Colleges Move to Help Students Find Remote Internships. None Include...

Coronavirus

Colleges Move to Help Students Find Remote Internships. None Include Fetching Coffee.

By Jeffrey R. Young     May 7, 2020

Colleges Move to Help Students Find Remote Internships. None Include Fetching Coffee.

Summer is traditionally a time for college students to get valuable work experience to boost their resumes and possibly get their foot in the door for a job after graduation. But finding such opportunities is suddenly harder: About 22 percent of employers are revoking offers to interns as they cut back or eliminate such programs for the summer because of the pandemic, according to a recent survey by the National Association of Colleges and Employers.

So colleges are turning to a number of companies that have emerged in recent years to help encourage and manage remote internships.

One such company, Practera, recently made its service available for free to colleges that want to participate (until August of 2021), through a pilot program funded by a $600,000 grant from the National Science Foundation. Six colleges have signed on in the last couple of weeks, joining those who were already working with the company, including Northeastern University, which is an investor in the company. Colleges participating in the free service must agree to participate in a research study about the service being administered by Northeastern.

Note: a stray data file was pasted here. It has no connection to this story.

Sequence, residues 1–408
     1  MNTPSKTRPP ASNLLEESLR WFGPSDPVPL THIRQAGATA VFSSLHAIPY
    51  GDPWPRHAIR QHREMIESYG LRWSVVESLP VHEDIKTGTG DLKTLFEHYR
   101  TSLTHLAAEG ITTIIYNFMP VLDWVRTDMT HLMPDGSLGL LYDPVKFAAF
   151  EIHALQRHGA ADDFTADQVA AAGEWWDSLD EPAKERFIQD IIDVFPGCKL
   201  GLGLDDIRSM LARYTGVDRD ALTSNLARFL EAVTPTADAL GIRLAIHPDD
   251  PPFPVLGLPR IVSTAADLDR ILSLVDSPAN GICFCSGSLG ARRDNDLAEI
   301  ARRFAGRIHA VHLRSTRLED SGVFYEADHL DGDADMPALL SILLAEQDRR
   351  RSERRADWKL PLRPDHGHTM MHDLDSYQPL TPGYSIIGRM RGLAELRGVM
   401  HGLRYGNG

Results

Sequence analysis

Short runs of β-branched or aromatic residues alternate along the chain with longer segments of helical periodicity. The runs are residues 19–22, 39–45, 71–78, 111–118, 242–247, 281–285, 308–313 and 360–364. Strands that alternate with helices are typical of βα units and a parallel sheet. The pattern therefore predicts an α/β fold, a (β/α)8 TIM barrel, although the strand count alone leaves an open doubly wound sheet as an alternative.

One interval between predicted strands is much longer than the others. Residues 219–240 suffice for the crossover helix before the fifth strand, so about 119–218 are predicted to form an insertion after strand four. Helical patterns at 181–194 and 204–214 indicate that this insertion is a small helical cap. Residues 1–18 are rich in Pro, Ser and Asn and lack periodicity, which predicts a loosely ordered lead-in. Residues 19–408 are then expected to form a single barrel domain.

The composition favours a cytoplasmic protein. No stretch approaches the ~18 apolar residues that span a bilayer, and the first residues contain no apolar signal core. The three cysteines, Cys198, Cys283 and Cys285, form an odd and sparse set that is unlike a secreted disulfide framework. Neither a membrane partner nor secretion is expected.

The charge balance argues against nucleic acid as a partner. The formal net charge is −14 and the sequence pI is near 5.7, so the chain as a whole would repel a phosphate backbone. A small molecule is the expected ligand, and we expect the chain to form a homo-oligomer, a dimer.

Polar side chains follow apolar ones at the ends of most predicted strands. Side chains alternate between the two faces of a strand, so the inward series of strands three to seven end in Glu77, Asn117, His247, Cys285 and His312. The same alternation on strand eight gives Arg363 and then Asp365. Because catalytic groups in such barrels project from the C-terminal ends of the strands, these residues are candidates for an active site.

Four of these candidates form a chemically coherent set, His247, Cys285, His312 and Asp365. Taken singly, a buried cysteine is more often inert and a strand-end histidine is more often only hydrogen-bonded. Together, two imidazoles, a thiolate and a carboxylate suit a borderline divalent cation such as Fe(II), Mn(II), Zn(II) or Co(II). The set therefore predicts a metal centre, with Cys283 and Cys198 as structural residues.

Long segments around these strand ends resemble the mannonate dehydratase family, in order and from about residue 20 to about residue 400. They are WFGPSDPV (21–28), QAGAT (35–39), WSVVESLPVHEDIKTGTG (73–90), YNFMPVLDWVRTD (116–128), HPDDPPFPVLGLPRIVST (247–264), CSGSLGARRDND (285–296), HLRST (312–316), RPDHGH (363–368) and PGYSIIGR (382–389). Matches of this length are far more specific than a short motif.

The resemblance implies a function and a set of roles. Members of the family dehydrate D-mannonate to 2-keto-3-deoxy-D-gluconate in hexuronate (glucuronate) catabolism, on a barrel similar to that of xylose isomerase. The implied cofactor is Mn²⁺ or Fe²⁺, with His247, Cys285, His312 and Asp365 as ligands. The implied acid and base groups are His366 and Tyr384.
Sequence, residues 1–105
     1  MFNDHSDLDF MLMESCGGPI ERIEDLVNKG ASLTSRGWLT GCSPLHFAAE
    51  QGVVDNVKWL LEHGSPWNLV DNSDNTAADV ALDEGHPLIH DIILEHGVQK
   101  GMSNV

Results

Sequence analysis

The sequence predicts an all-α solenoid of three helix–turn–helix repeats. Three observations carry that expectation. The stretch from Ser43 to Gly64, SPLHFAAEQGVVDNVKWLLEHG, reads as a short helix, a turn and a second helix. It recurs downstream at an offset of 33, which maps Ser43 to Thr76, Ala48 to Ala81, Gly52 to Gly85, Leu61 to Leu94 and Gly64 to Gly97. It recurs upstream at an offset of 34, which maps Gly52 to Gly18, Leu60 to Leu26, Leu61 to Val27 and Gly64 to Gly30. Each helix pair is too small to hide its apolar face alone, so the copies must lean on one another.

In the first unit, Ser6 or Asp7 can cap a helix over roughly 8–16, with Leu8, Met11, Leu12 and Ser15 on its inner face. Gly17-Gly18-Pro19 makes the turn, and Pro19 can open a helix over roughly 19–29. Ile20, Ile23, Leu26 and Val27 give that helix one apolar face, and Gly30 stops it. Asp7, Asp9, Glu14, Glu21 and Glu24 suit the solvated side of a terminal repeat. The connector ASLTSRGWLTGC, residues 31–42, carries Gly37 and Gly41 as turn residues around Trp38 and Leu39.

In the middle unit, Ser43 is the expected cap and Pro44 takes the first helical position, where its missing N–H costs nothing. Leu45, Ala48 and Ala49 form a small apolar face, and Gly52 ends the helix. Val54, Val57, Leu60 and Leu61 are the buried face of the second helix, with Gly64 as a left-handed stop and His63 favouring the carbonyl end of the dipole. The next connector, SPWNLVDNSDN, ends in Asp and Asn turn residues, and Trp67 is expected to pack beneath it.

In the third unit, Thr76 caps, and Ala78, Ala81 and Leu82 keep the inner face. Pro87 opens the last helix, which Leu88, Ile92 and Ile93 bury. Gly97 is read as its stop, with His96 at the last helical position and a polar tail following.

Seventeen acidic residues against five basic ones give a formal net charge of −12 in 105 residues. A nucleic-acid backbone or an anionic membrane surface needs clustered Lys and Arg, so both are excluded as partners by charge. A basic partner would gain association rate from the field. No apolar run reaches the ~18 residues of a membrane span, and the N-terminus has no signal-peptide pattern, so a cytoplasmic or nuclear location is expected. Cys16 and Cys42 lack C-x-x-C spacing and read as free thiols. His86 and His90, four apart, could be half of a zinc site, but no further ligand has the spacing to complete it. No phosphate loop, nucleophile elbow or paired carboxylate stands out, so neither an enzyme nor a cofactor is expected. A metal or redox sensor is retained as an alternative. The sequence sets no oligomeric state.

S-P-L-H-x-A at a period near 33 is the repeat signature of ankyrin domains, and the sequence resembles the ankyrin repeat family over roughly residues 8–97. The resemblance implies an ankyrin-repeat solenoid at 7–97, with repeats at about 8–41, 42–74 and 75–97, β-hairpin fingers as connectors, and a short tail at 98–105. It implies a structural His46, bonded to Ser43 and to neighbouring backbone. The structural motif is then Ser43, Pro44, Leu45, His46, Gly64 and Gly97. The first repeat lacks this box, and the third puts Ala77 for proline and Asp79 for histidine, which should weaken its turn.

The online platform helps companies manage the work of virtual interns, who typically work in teams to complete specific projects, says Wes Sonnenreich, Practera’s co-CEO.

Sonnereich says that his company has been managing virtual internships with companies and colleges in Australia for five years, and that the key is to have companies offer mentorship and guidance to remote interns as they complete their projects.

These experiences differ from traditional internships, he says. “In the same way that the best online teaching doesn’t try to replicate the physical classroom, it’s the same with virtual internships.”

But one good thing, he added, is that none of the remote interns are asked to fetch coffee for the boss. They focus on doing meaningfulful work.

An export company that they worked with, for example, used the program to have a team of five students come up with a market-entrance strategy to set up business in China. So they used the Practera system to hire five remote interns who were international students from China who were studying in the U.S.

The company gave clear instructions to the students on how to create a market-entrance strategy, and a mentor from the company served as a project manager for the team.

When managed well, projects can be completed without too much hand-holding from company officials, claims Sonnereich. “We go to companies and say it’s only going to be 5 hours of your time over the next month,” he says. In return, “you’re going to get 200 hours of student work over a team of 5 students over the month.